Sri Lanka probes origin of Tiger aircraft
Sri Lanka's military said on Tuesday it was trying to establish how the Tamil Tigers managed to buy light planes abroad, smuggle them onto the island and establish a rebel air force.world Updated: Feb 24, 2009 11:35 IST
Sri Lanka's military said on Tuesday it was trying to establish how the Tamil Tigers managed to buy light planes abroad, smuggle them onto the island and establish a rebel air force.
The probe follows the latest Liberation Tigers of Tamil Eelam (LTTE) air assault against the capital using two of their Czech-made aircraft.
The military shot down one aircraft just before it reached the intended target at the main airbase, while the second plane crashed into a tax building in Colombo on Friday night and exploded in a ball of fire.
"At this stage we do not know the exact origin of the planes except that they had been manufactured in the Czech Republic," Sri Lankan Air Force spokesman Janaka Nanayakkara said.
"Forensic tests are under way and we have asked the manufacturer about who owned these planes."
According to a local press report, the Zlin-143 planes may have come from a flying club in South Africa and been stripped down, smuggled in by sea and reassembled by the Tigers.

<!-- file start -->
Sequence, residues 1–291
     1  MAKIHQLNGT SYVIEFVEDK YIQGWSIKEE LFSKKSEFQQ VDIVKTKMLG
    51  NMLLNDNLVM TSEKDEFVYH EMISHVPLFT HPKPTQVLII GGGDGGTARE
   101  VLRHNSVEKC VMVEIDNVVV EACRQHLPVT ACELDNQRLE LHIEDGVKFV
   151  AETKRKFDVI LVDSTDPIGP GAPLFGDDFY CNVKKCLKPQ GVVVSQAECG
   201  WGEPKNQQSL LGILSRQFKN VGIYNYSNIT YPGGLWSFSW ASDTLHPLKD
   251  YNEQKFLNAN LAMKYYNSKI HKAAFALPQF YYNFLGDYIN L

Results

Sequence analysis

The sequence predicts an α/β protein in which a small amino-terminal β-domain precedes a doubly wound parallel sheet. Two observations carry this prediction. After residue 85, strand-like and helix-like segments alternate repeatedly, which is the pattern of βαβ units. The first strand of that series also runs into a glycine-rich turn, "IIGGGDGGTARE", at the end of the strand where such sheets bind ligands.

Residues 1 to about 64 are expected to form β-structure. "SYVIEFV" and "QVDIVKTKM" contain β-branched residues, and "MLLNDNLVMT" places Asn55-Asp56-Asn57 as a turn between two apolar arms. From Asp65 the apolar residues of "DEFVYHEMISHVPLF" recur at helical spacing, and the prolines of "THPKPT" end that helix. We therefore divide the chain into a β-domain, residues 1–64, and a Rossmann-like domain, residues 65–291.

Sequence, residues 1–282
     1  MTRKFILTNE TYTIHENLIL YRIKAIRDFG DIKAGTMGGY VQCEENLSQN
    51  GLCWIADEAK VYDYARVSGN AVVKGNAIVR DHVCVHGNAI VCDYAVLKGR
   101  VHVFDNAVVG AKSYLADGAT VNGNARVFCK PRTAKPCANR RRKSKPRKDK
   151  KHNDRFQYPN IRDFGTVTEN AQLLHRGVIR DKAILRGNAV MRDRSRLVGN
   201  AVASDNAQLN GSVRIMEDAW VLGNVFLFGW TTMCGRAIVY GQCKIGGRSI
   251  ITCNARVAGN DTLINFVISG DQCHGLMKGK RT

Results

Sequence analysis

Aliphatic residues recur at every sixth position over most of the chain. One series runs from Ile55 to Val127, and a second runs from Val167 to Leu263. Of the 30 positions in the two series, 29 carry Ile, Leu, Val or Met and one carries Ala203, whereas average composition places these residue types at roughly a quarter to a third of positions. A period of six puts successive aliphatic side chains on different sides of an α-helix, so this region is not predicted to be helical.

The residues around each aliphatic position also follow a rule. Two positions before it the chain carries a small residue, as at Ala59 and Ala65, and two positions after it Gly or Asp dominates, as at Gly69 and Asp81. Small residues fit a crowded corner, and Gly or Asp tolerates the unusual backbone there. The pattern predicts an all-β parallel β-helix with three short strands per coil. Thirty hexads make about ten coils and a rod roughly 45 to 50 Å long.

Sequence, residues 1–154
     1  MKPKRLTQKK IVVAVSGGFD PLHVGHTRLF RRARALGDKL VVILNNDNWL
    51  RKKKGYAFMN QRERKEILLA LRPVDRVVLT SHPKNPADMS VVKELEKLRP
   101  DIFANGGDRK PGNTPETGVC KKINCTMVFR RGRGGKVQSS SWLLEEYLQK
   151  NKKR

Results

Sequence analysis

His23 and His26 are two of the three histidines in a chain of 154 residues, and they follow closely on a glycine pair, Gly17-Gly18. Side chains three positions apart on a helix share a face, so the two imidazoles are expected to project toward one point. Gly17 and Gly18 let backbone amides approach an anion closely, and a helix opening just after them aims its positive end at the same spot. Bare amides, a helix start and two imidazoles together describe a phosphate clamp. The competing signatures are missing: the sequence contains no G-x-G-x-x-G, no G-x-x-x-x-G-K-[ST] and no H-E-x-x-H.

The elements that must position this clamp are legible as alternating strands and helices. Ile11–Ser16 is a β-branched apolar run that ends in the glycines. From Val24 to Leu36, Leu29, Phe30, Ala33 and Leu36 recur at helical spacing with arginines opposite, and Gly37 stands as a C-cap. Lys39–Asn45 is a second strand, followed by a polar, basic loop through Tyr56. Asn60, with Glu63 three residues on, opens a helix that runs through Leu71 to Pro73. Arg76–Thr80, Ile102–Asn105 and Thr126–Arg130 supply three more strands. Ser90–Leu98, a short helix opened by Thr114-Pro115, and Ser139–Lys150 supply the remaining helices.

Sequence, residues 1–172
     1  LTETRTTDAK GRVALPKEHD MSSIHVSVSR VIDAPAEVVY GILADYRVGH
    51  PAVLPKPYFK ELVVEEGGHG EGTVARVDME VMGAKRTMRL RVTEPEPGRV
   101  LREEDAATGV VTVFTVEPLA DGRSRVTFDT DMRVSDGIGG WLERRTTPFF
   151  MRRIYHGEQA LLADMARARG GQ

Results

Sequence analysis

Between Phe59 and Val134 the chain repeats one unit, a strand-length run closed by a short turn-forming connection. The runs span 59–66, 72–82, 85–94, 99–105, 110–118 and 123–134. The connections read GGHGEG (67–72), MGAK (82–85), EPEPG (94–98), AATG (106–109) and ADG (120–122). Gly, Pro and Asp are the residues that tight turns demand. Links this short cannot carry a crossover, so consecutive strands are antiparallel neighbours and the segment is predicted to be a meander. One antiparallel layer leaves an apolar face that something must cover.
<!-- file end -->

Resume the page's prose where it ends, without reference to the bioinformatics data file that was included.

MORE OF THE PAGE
The Island newspaper also reported that rebel pilots may have been trained in South Africa, where the Tigers have a considerable support base among the expatriate Tamil community.
The military has said both planes involved in Friday night's attack were on a suicide mission, but intense ground fire had prevented a bigger disaster. Two people on the ground were killed and 58 wounded.
According to the island's defence ministry, the raid was the last air attack likely to be carried out by the Tamil Tigers -- who have lost nearly all of their northern fiefdom in a major government offensive.
"The security forces have put in the last nails on the LTTE's rudimentary air capability," the ministry said on Sunday, adding the Tigers deployed the aircraft because they would have lost them anyway to advancing ground troops.
Two weeks ago, the army said it had captured the last of seven air fields used by the Tigers. But the rebels may have used a patch of paved road in an area still under their control to take off, the ministry said.